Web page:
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On F Street, between 9th and 10th Streets NW, stands a piece of the building that once housed the 9:30 Club. Steel buttresses support—and partly obscure—the elegant brick facade, all that remains of the place.

Around the corner at Ford’s Theatre, something similar could be said of its reasonably rollicking revival of Hot Mikado. Thanks to three showbiz veterans who give ’40s-inflected performances, you can still see the elegance of the original conception—a bluesy, hepcat take on Gilbert & Sullivan’s comic operetta—but you have to view it through contemporary buttressing that treats the concept as mere window dressing and frequently obscures its charm.

Though Broadway audiences saw both a Hot Mikado and The Swing Mikado, duelling 1939 African-American versions of the tale of a wand’ring minstrel, his dippy sweetie, and a goofy Lord High Executioner, little remained of scripts or scores, so the current show had to be built from scratch in 1986. David H. Bell updated W.S. Gilbert’s book with references to Franklin Roosevelt and telephone party lines, and Rob Bowman created nifty new boogie-woogie and blues harmonies for Arthur Sullivan’s tunes, swinging the hell out of “Sing a Merry Madrigal” and arranging “Three Little Maids From School” so it sounded like an Andrews Sisters ditty.

With a deco setting that featured brass bamboo and a neon-trimmed pagoda, and costumes that reflected the Harlem Renaissance, the show fairly bristled with period charm in its first incarnations. And because most of those elements have been faithfully re-created (Daniel Proett’s set was apparently still in storage from a 1994 revival), you might expect it to do so again.

But there’s a disconnect between what’s intended and what’s actually onstage this time, largely because of casting. David Ayers, who plays the wand’ring trombonist, Nanki-Poo, and Kelli Rabke, who plays the delectable Yum-Yum, are perfectly pleasant performers, but neither seems remotely acquainted with swing vocalizing. Ayers, with his pop voice and affectless phrasing, sounds as if he’d stepped directly into this role from Joseph and the Amazing Technicolor Dreamcoat (and looks as if he’d brought the sleeves of that garment with him, along with an Up With People haircut). Rabke has the ’40s look right but possesses a nasal, microphone-dependent, Linda Ronstadt-y soprano that makes her Yum-Yum sound like a swinging Eponine from Les Miz.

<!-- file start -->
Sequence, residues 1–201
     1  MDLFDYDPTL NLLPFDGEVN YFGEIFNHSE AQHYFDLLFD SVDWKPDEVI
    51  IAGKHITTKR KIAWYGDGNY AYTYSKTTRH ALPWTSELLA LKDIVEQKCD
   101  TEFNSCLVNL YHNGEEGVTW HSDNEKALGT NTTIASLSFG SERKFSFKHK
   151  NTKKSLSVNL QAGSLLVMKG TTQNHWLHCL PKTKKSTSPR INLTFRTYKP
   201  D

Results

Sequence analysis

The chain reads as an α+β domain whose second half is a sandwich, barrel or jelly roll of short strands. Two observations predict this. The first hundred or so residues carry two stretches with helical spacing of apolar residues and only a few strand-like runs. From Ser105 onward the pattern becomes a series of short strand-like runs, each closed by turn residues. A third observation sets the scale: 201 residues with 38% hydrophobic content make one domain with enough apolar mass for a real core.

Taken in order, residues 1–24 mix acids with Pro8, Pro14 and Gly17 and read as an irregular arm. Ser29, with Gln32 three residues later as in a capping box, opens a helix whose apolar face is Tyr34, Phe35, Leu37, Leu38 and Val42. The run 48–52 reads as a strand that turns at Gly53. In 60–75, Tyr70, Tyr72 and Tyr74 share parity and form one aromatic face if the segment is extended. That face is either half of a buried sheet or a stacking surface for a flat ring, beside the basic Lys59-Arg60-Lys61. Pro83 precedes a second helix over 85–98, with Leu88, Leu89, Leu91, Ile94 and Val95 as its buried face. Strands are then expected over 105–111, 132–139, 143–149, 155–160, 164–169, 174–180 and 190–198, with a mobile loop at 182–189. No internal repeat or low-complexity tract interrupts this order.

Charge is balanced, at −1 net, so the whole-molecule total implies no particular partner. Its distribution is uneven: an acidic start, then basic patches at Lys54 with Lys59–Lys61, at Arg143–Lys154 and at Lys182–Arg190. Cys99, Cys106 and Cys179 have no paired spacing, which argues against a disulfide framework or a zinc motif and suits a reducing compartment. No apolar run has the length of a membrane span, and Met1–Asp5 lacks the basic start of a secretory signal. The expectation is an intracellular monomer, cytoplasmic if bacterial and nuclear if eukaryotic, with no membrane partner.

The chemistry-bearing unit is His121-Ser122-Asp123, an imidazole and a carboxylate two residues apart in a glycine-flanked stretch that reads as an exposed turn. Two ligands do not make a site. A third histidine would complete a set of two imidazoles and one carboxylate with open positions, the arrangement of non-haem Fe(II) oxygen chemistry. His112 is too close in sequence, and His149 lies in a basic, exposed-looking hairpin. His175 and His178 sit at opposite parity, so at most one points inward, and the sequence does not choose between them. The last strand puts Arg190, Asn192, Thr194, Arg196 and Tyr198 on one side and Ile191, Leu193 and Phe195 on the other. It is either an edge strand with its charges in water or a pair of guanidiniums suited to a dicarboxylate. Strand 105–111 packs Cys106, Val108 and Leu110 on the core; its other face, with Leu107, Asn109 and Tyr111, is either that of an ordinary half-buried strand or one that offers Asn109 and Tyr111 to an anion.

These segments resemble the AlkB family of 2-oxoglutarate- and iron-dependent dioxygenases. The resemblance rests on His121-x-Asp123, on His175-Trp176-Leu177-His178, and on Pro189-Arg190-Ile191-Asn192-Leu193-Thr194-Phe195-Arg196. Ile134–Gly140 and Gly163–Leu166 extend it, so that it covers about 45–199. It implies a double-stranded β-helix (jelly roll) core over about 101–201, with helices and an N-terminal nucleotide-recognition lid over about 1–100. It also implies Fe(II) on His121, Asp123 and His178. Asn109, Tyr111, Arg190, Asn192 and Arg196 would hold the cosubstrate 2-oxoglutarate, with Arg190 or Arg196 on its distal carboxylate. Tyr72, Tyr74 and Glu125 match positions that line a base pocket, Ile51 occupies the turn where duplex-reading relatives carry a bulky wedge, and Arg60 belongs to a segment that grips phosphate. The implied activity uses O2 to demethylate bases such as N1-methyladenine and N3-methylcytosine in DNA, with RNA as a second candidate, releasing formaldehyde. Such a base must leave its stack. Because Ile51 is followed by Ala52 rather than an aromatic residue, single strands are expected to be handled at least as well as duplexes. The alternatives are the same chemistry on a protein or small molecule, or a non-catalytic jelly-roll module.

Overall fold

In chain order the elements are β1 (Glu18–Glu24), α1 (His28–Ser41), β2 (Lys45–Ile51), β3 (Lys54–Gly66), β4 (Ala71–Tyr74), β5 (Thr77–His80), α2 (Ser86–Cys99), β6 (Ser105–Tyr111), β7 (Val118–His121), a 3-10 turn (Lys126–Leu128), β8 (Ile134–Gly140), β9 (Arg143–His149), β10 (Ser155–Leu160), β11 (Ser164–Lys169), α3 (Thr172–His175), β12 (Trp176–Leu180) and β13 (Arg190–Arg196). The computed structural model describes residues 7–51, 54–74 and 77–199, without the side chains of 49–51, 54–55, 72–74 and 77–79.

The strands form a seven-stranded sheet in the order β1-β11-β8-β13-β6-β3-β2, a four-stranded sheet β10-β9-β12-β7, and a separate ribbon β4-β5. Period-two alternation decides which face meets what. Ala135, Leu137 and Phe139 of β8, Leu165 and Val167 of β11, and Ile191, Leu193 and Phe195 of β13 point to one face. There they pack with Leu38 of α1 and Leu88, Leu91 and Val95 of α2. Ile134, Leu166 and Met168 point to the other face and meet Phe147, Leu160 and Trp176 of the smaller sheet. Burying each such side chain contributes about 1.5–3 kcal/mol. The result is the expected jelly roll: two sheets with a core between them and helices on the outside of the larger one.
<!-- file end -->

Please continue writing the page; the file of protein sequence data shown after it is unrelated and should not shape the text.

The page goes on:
They’re surrounded by a chorus attired a la Guys and Dolls, but singing a la Godspell, and dancing with the sort of undisciplined abandon that passes for heat in dinner theaters. (For the real article, check out Contact at the National.) The male chorus is especially sloppy, all coltish energy, showboating, and wide grins in place of synchronized steps.

Still, there are definite compensations. Sit through the first three lackluster numbers and you’re rewarded with the hijinks of a vaudevillian who combines vintage Bert Lahr schtick with Ed Wynn-someness and vocal stylings all his own. His name is Ross Lehman, and his Lord High Executioner is a hoot, whether sidling up languorously to a lamppost, skittering through a dance number, or unspooling a 50-foot list of potential executionees.

Also worth waiting for is Ted L. Levy’s tap-dancing Mikado, who seems to have studied the Hines Bros. moves and patter, and scores strongly in the first of a trio of back-to-back 11 o’clock numbers that cap Bell’s staging. Immediately thereafter, Chandra Currelley’s allegedly plain (but to my eyes pretty striking) she-dragon weighs in with a persuasively torchy blues rendering of “Alone and Yet Alive,” after which Lehman steals the show back from his co-stars with an idiotically seductive “Tit Willow,” in which he twitters and cajoles his way into his lady love’s lap—and the audience’s heart.

Star turns all, and if they were in a more cohesively staged evening, they’d each stop the show cold. But at Ford’s they’re surrounded by all sorts of pop detritus—ballads crooned in voices that sound strictly ’80s, costumes that range from zoot suits to argyle sweaters, and generic choreography of the wave-your-arms-and-kick variety favored by theme-park entertainments.

When Bell lets the three old pros take the spotlight, Hot Mikado is good fun—never blistering, exactly, but sprightly and amusing. When he turns the kids loose, especially when he has them go into mike-assisted belting mode, everything turns decidedly bland. Still, the show was a hit in 1986 and 1994, and it will no doubt click in 2002 with the tourist crowd.

And why not? There’s no real reason Hot Mikado shouldn’t come back at eight-year intervals (the way Disney features used to reappear every so often) for the foreseeable future. Each new revival, of course, will be a trifle more removed from the original swing impulse, even as that impulse becomes as distant for modern audiences as the operetta form was for audiences in the swing era. Presumably, someone will eventually come up with a Rock Mikado, or a Rap Mikado, but the audience for those probably won’t be showing up at Ford’s Theatre anytime soon. CP